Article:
Two key U.S. lawmakers on Wednesday rebuked Facebook Inc for not being more transparent over its data sharing after the social media giant said it had collaborated with at least four Chinese companies, including a smartphone maker that has raised U.S. security concerns, APA reports quoting Reuters.
The top Republican and Democrat on the U.S. House Energy and Commerce Committee said Facebook Chief Executive Mark Zuckerberg should have disclosed those partnerships when he appeared before them in April.
“Clearly, the company’s partnerships with Chinese technology companies and others should have been disclosed before Congress and the American people,” the panel’s Republican chairman Greg Walden and ranking Democrat Frank Pallone said in a statement.
“We strongly encourage full transparency from Facebook and the entire tech community,” they wrote.
On Tuesday, Facebook said Huawei Technologies Co Ltd , computer maker Lenovo Group, and smartphone makers OPPO and TCL Corp were among about 60 companies worldwide that received access to some user data after they signed contracts to re-create Facebook-like experiences for their users.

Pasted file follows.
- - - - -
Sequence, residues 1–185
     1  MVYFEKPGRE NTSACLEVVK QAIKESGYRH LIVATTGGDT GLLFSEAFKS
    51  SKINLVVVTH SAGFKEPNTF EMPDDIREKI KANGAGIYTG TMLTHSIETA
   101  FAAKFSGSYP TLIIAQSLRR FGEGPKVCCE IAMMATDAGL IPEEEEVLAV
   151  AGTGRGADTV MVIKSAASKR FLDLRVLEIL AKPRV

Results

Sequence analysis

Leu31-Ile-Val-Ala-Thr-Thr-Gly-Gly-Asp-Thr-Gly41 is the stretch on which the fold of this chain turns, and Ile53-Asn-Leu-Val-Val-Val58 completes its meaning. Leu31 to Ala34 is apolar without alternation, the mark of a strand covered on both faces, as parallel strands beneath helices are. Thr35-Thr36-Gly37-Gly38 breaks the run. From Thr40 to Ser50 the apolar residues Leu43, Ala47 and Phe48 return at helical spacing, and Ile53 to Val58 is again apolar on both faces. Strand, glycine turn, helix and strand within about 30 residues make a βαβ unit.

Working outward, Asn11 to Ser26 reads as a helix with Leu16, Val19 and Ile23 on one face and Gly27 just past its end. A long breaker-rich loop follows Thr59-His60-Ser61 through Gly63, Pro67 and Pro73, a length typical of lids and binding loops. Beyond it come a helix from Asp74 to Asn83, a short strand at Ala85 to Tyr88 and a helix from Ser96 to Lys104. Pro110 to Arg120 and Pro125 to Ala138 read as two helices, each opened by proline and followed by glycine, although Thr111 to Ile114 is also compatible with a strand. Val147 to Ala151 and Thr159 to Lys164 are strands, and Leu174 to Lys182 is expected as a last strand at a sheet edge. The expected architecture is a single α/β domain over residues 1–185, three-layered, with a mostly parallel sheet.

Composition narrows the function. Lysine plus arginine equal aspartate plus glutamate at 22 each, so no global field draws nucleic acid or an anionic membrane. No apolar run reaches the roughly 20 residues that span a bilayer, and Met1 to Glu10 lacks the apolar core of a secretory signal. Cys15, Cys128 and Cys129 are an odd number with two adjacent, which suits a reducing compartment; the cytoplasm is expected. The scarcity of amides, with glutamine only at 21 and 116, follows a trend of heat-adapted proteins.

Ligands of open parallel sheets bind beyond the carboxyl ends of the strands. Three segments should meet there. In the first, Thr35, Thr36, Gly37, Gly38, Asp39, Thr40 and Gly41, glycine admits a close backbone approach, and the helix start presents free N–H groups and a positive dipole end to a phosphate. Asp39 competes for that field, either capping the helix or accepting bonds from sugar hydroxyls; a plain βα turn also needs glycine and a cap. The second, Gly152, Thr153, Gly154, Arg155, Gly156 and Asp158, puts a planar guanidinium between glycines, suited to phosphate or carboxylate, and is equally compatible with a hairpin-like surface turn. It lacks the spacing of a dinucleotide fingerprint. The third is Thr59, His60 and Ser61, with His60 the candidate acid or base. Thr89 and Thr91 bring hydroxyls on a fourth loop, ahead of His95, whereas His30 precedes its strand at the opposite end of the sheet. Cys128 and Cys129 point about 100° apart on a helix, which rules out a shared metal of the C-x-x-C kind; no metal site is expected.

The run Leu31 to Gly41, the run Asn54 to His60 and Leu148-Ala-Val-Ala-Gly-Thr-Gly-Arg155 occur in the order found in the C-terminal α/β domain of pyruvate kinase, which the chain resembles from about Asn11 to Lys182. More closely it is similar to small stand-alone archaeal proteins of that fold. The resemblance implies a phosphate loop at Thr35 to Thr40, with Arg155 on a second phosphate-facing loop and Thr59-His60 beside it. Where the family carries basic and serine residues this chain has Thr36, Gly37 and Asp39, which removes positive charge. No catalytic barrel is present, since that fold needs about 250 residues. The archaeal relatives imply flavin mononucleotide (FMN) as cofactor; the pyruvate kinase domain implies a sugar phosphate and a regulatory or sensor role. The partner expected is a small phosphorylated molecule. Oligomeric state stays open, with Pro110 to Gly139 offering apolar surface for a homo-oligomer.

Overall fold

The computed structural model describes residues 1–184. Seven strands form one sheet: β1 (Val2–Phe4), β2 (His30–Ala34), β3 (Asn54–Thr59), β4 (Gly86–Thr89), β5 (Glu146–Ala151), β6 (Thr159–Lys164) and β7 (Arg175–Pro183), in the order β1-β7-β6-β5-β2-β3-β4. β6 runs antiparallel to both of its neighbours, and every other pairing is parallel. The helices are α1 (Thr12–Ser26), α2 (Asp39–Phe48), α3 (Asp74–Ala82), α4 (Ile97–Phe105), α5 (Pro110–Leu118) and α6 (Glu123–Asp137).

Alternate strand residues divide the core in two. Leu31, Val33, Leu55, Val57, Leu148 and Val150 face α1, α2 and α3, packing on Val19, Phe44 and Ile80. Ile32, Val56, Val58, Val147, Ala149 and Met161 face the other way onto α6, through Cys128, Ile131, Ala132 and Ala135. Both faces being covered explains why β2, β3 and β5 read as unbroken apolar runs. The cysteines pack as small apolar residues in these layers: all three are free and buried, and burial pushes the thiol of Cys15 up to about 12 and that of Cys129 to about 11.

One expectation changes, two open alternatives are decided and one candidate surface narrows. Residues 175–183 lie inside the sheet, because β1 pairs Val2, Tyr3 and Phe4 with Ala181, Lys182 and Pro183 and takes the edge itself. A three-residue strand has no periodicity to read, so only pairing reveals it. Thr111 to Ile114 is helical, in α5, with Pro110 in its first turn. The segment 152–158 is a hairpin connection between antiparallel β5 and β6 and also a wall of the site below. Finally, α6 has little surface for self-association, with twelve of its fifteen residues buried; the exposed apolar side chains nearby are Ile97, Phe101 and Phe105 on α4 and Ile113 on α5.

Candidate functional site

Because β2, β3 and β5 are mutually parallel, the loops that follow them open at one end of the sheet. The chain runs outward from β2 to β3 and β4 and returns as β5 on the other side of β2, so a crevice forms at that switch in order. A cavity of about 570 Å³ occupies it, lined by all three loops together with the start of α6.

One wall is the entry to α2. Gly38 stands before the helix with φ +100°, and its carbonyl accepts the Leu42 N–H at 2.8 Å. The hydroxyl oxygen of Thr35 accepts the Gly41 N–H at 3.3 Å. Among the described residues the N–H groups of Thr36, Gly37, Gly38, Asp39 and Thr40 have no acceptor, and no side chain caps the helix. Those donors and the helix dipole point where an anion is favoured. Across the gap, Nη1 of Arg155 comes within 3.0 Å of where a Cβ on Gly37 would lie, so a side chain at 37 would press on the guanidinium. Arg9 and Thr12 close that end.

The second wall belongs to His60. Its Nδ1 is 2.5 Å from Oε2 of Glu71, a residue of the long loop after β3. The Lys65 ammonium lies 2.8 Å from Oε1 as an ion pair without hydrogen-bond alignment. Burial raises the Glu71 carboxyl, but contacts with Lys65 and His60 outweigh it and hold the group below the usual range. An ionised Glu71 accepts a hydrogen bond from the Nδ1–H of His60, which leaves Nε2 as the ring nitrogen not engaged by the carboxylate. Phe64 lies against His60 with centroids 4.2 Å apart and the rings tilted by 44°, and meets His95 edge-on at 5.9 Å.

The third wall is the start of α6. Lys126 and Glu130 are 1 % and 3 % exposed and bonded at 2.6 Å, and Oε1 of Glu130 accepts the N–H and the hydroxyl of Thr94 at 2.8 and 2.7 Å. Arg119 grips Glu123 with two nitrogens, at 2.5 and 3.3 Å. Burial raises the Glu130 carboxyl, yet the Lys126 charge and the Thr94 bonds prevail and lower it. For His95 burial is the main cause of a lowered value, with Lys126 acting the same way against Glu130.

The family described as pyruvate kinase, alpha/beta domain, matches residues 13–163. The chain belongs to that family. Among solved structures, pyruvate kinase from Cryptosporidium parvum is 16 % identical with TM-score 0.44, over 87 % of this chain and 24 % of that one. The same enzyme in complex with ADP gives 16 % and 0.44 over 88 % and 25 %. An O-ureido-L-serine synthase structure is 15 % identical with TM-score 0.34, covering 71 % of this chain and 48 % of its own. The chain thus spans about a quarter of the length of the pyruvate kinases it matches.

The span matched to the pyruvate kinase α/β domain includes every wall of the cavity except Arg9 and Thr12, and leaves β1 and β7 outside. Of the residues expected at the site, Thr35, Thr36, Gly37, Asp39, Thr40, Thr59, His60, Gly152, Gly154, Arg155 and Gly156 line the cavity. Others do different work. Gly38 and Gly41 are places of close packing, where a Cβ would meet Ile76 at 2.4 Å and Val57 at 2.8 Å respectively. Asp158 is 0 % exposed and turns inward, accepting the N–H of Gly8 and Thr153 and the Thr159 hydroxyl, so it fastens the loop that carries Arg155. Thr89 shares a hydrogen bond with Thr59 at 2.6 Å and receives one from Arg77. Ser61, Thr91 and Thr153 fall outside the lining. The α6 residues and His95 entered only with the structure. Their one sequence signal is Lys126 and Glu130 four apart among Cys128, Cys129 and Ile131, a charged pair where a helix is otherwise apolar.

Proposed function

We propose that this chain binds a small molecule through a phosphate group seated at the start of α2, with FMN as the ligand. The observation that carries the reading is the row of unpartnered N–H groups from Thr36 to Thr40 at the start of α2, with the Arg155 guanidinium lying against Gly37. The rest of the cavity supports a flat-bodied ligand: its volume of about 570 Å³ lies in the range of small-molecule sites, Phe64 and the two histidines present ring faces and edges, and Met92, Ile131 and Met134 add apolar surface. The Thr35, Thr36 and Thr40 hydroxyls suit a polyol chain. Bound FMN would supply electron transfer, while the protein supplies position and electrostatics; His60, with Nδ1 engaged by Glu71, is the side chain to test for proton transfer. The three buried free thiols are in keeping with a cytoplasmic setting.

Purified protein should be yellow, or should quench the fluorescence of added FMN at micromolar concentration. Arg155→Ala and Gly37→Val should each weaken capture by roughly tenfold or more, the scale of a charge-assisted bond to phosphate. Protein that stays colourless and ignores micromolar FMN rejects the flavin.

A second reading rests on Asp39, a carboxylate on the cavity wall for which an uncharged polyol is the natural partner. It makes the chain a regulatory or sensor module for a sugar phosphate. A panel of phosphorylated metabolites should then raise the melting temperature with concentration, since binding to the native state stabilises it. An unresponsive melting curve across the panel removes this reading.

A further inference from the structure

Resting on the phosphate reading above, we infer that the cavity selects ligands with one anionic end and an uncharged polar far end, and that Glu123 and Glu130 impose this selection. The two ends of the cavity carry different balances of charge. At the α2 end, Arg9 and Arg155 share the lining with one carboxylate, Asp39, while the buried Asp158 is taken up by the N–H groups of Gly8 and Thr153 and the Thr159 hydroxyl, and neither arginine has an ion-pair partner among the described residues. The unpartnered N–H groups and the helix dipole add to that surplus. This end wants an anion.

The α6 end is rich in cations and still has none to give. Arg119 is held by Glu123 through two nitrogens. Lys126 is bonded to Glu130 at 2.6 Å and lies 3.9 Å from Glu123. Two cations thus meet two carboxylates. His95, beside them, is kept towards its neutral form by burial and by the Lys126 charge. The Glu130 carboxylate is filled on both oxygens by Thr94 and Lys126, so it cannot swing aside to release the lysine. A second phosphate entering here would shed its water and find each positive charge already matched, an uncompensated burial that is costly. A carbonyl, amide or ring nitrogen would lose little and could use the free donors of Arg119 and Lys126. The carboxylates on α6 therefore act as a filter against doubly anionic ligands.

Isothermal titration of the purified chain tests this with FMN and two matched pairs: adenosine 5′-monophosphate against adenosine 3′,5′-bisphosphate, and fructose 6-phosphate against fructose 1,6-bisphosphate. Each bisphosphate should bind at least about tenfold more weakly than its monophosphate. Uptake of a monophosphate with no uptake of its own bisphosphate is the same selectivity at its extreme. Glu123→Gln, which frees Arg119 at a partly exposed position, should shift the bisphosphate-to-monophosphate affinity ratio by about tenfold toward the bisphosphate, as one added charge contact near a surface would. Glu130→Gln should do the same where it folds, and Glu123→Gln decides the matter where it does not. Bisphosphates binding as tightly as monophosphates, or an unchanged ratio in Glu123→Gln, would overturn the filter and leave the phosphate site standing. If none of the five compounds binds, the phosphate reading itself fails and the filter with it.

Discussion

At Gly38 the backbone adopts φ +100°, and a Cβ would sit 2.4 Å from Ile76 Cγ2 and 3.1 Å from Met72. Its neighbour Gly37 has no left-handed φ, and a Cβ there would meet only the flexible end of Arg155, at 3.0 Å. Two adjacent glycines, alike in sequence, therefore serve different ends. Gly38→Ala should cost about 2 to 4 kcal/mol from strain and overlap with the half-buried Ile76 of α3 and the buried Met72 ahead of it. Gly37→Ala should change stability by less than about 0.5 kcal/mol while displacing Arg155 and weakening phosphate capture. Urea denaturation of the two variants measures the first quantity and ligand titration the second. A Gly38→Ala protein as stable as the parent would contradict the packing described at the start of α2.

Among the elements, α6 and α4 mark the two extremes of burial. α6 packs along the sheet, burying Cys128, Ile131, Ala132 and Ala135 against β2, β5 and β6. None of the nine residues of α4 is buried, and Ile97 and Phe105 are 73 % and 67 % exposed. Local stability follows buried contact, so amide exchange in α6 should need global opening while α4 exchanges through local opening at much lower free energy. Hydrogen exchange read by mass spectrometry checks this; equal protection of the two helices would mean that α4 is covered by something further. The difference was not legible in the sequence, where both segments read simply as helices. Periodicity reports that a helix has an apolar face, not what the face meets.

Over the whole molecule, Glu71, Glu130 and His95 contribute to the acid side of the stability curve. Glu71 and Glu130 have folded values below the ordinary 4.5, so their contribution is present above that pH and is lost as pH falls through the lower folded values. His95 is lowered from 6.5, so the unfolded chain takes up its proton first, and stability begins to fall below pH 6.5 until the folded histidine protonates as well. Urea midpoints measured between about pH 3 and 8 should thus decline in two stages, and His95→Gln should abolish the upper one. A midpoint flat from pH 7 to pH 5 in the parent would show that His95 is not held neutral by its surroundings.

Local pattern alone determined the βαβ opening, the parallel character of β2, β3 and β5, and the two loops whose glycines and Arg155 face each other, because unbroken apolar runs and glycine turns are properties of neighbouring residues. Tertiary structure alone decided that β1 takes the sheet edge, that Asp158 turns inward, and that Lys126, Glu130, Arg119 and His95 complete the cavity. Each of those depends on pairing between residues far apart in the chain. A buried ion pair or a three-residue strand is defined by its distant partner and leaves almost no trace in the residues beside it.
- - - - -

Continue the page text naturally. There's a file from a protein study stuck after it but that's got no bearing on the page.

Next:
Huawei, the world’s third-largest smartphone maker, has come under scrutiny from U.S. intelligence agencies who argue that Chinese telecommunications companies provide an opportunity for foreign espionage and threaten critical U.S. infrastructure, something the Chinese have consistently denied.
Former Vermont Governor Howard Dean, a Democrat, said in a post on Twitter on Wednesday that he would close his Facebook page.
“What Facebook did will likely result in imprisonment or other punishment of Chinese young people. Facebook is amoral. It’s all about the money for them,” he wrote.
Senator Ed Markey, a Democrat, said on Twitter: “Mark Zuckerberg needs to return to Congress and testify why @facebook shared Americans’ private information with questionable Chinese companies.”
He sent a letter to the Senate Foreign Relations Committee on Wednesday asking them to call Zuckerberg to testify.
Facebook said on Tuesday it would end the Huawei pact this week, was ending the other three Chinese partnerships, and that more than half the partnerships had already been wound down.
A Chinese foreign ministry spokeswoman had no comment on the companies’ agreements.
Members of Congress expressed concern after The New York Times reported that the data of users’ friends could have been accessed without their explicit consent. Facebook denied that and said the data access was to allow its users to access account features on mobile devices.